“No one and nothing should stop you from realizing your dream.”
Author of bestseller and Publisher’s Choice, Dare to Dream, Felicia is a business woman, talk show host and international award-winning entrepreneur. She is also an inspirational speaker, author and philanthropist.
She is President and co-owner of Leadership Success International, LLC, an organisation that specialises in executive leadership training and business communications. She is one of the founding members and shareholders of Pamodzi Investment Holdings. The South African Broadcast Corporation (SABC) also named her among the ‘100 Great South Africans’.
Felicia is the host of Conversations with Felicia, a talk show on The Africa Channel in the U.S, where she is based. In South Africa, she hosted the popular ‘The Felicia Show’ which was the first South African audience talk show that enabled black and white South Africans to come together and to debate issues that they could not discuss during apartheid.
She has interviewed luminaries such as Nelson Mandela, Julius Nyerere, Kenneth Kaunda, Archbishop Desmond Tutu, Winnie Madikizela-Mandela, Britain’s former First Lady, Cherie Blair and personalities such as Larry King, Danny Glover, Diana Ross, Hugh Masekela, Miriam Makeba, John Maxwell, Iylana Vanzant, T.D Jakes, Wayne Dyer, Suze Orman and many others.
Felicia’s memoir, ‘Dare to Dream’, describes how she answered Mandela’s call to all South African living abroad, to come back home and to help build a democracy. Her new book, ‘Live Your Dream’ is an inspirational book based on quotes and experiences that will help to propel you to your own success.
Felicia grew up in the “dusty and daring streets of Soweto”, where she was raised by her grandparents. Her grandfather was her role model – “he was an entrepreneur and he owned a restaurant and real estate during the dark days of apartheid. He built the first double storey house in Soweto, where we grew up” she says.
As a child, Felicia was a big dreamer: “I wanted to be somebody, and I worked hard at it. Education was important for me; I knew it was my only passport out of the township streets to success.” Felicia started a dance school in her hometown, to keep the youth off of the streets. She taught them ballroom and Latin American dance.
Felicia has been speaking since high school and at university, she got involved with the anti-apartheid and sanctions movements, where she had to talk on various platforms. Felicia went on to study print journalism and broadcast journalism and she was a lecturer in broadcast communication at three colleges in the U.S. This all contributed to inspire her to pursue a career in the professional speaking industry.
In the beginning, she used to have horrible stage fright as a speaker. She then came to realize that it was due to the fact that she spoke about topics that she was not passionate about: “I then found my niche” she says. “… Which is to inspire people to dream big and to realize their potential. I enjoy it now. My presentations are informative, participative and entertaining. I interject them with music, stories and videos. People want to learn and to be entertained. To use my husband Dr Earl Suttle’s expression, “They don’t just want to watch a movie, they want to be in the movie”.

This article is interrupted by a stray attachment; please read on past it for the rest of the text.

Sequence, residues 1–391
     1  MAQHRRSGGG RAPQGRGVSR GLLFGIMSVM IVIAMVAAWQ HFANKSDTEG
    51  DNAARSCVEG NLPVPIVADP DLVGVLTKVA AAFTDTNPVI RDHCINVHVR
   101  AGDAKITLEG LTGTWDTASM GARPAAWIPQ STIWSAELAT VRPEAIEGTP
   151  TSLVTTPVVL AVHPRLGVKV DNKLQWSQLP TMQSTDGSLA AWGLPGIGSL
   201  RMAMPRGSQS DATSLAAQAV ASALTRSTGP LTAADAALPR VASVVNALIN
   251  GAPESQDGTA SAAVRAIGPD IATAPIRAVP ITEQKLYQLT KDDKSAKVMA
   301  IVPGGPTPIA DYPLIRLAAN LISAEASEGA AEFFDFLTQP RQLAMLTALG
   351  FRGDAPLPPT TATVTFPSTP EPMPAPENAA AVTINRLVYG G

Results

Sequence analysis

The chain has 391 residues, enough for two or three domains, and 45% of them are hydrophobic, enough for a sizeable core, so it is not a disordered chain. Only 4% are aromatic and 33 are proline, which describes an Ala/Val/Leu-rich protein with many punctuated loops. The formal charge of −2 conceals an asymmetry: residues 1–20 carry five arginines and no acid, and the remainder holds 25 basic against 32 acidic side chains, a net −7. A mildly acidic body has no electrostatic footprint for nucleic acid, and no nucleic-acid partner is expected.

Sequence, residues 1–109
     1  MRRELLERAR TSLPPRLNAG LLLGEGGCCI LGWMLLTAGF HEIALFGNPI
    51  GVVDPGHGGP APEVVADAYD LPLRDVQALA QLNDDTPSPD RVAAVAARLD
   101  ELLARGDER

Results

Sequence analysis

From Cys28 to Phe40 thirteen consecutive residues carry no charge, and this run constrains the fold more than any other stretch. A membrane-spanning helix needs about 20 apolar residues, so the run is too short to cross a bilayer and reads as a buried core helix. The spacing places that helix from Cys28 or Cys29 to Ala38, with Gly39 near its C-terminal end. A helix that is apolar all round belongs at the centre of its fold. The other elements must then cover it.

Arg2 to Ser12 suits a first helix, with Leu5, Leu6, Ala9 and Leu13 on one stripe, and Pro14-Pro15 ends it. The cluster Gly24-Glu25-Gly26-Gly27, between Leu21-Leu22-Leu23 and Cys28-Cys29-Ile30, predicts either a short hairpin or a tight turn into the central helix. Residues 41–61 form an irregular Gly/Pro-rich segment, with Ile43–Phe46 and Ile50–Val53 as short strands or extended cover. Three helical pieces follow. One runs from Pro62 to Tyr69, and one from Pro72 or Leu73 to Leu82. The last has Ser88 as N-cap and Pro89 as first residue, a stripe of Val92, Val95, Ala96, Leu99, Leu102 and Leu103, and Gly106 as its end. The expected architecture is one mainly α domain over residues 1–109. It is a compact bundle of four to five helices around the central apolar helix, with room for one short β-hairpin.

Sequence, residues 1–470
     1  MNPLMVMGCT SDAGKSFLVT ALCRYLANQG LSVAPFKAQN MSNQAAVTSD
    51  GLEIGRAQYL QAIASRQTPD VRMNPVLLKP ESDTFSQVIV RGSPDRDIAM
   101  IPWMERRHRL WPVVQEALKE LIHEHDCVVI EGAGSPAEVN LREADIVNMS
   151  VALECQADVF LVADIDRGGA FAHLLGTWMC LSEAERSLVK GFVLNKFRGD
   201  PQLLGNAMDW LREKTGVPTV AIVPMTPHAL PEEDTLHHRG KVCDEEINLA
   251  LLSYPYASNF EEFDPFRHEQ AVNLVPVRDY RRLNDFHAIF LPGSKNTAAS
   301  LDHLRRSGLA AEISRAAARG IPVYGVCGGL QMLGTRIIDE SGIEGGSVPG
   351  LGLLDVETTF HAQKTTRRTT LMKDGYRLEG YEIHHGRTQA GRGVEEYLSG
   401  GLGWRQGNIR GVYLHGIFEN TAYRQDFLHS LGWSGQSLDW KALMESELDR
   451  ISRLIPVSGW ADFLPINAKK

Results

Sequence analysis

She has always admired speakers like Rev Martin Luther King Junior, Angela Davis and Congress woman, Barbara Jordan: “One day, I was a t a function when I was selected to introduce our keynote speaker, author Tom Peters. That was the defining moment for me” she says. “ … The rest is history. I ended up sharing the platform with great speakers and I interviewed a number of them including John Maxwell, Wayne Dyer, TD Jakes, Suze Orman and Iyanla Vanzant.”
Felicia believes that she would be a teacher or a lecturer today, if it weren’t for her professional speaking career: “I enjoy imparting knowledge, encouraging debate and understanding. When I was young, I used to say I wanted to be a lawyer, and to defend good people who could not afford to have a lawyer”.
Felicia used to push herself hard when it came to work: “I remember when we did The Felicia Show, I was told that if I wanted to do an audience show, in order to stay within the budget, I would have to record three to four shows every other weekend. It was taxing, and we just did that. Audience shows are taxing, especially in South Africa as we were dealing with a smaller population and budgets than the show hosts do in the US”.
Felicia is completely satisfied with her work once she has touched or changed one more life or more. As Mahatma Ghandi says: “We must be the change we wish to see in the world”.
We asked Felicia why she thinks she has succeeded in a field where many others have failed:
“I stick to speaking about what comes from the heart” she says. “… What I am passionate about, what I believe in. People know when you fake it. You can’t fake it until you make it in this business for too long. Speaking is not only about profits; it is about passion and purpose”.
“Genuinely love your audiences. I do not address groups I cannot connect with. You need to fall in love with your audience, and your audience has to fall in love with you too.”
In her spare time, Felicia enjoys what she calls ‘preferment’ – doing only what she prefers to do – especially spending quality and quantity time with her grandchild: “I enjoy speaking at conferences and seminars and using social media to inform, educate and entertain my followers. My favourite place, where I become most creative, is sitting by the beach, reading and rejuvenating”.
Felicia is currently based in the US but she travels to South Africa on a regular basis.